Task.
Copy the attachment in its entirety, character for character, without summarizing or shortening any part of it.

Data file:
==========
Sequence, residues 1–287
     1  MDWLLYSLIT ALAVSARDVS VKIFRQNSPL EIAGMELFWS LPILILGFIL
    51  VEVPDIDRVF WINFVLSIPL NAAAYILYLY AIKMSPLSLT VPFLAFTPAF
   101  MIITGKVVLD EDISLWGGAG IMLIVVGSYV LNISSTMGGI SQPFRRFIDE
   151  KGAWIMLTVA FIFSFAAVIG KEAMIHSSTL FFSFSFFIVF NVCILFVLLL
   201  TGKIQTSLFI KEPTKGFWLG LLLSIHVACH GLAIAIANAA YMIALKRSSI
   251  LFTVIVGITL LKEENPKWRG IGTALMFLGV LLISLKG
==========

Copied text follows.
Sequence, residues 1–287
     1  MDWLLYSLIT ALAVSARDVS VKIFRQNSPL EIAGMELFWS LPILILGFIL
    51  VEVPDIDRVF WINFVLSIPL NAAAYILYLY AIKMSPLSLT VPFLAFTPAF
   101  MIITGKVVLD EDISLWGGAG IMLIVVGSYV LNISSTMGGI SQPFRRFIDE
   151  KGAWIMLTVA FIFSFAAVIG KEAMIHSSTL FFSFSFFIVF NVCILFVLLL
   201  TGKIQTSLFI KEPTKGFWLG LLLSIHVACH GLAIAIANAA YMIALKRSSI
   251  LFTVIVGITL LKEENPKWRG IGTALMFLGV LLISLKG